Issue April 4, 2006

Erosia

LEO welcomes letters that are brief (250 words max) and thoughtful. Ad hominem attacks will be ignored, and we need your name and a daytime phone number. Send snail mail to EROSIA, 640 S. Fourth St., Louisville, Ky. 40202. Fax to 895-9779 or e-mail to leo@leoweekly.com. We may edit for length, grammar and clarity.

Correction
Last week’s theater review of the Humana Festival’s “Hotel Cassiopeia” said the production was based on the life of Joseph Conrad. It is, in fact, based on the life of Joseph Cornell. LEO knows the difference, and regrets the error.

Bluegrass is Back
WOW … Mike Bucayu, Bluegrass Anonymous, volunteers and sponsors … put together the Banks of the Ohio fest. One could not ask for more out of a first-year festival. First-class shows, plenty of picking and jam sessions around the show and the newly renovated Galt House was a perfect scene for fun. Louisville has something special again. Thanks.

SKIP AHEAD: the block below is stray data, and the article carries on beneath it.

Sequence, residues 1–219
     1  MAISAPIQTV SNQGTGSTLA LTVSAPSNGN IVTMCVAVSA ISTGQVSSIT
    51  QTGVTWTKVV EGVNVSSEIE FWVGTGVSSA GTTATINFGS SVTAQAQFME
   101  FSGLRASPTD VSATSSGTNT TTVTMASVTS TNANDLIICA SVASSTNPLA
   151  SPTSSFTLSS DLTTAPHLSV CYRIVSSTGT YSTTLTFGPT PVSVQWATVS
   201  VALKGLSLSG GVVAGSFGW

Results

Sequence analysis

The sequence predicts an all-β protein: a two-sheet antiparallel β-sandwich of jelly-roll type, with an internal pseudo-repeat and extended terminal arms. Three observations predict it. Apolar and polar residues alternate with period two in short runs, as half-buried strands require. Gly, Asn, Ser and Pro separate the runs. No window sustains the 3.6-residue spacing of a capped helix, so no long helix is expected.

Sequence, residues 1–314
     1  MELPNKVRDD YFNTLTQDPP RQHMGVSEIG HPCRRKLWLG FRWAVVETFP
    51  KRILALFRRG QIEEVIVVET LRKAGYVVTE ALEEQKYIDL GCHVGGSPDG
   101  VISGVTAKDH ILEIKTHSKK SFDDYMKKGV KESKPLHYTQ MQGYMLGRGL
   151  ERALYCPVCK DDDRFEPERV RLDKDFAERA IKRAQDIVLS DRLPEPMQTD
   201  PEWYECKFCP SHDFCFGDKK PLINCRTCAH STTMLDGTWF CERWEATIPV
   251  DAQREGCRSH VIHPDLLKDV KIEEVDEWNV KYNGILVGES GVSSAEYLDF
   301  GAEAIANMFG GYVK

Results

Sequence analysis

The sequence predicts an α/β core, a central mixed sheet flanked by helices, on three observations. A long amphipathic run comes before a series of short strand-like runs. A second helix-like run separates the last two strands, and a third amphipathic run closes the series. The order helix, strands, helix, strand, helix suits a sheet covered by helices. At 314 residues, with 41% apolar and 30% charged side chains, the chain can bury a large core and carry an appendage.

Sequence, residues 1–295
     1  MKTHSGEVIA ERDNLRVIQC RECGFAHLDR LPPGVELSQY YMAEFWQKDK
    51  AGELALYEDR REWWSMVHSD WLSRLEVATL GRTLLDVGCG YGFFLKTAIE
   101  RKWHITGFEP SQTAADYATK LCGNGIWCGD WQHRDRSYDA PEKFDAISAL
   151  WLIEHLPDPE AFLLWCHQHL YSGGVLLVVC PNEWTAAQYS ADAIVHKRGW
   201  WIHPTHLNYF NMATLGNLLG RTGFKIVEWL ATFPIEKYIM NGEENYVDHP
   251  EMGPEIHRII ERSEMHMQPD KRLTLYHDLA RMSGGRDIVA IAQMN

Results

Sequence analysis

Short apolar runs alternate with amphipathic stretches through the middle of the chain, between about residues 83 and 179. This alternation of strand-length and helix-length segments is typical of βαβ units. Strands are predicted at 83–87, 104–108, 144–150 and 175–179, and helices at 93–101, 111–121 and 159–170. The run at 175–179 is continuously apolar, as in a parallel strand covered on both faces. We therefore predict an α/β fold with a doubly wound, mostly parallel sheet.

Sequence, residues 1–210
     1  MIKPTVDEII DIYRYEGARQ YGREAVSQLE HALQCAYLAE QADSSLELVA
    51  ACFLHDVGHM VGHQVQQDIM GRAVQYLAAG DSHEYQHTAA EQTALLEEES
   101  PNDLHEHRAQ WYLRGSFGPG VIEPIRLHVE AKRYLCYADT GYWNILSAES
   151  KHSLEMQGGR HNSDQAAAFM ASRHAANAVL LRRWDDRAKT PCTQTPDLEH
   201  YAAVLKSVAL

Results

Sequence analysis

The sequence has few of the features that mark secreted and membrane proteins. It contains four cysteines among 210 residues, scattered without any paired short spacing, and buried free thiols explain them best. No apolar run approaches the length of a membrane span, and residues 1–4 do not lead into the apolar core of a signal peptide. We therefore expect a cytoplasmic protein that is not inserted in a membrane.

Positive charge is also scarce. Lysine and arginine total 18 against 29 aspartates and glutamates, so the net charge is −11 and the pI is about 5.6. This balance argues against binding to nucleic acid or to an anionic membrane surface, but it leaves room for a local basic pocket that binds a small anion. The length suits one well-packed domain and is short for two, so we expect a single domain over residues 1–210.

Tim Buckman

Women and Politics
Thank you for Mark Nickolas’ March 22 column, “2007: The Year of the Democratic Women?” For nearly 35 years, the Metropolitan Women’s Political Caucus — a multi-partisan group — has worked to pave a path for women’s participation in the political process. It is rewarding for us to see Mark’s confidence that more women will emerge as political contenders in the coming elections.
Jennifer Moore and Rep. Joni Jenkins, who are mentioned in the article, are among our members who work to increase women’s participation in the political process and to identify, recruit, train and support women for election and appointment to public office. We appreciate Mark’s recognition of their leadership in this mission.
However, the work of our public officials begins when they take office. Even as recently as 2004, Kentucky ranked third-worst for women in health and well-being, women in political participation, social and economic autonomy, and employment and earnings, according to the Institute for Women’s Policy Research (www.iwpr.org/States2004/PDFs/National_FactSheet.pdf). While our acceptance of woman candidates is changing, our challenge becomes electing leaders who focus on the issues most important to women regardless of their party loyalties.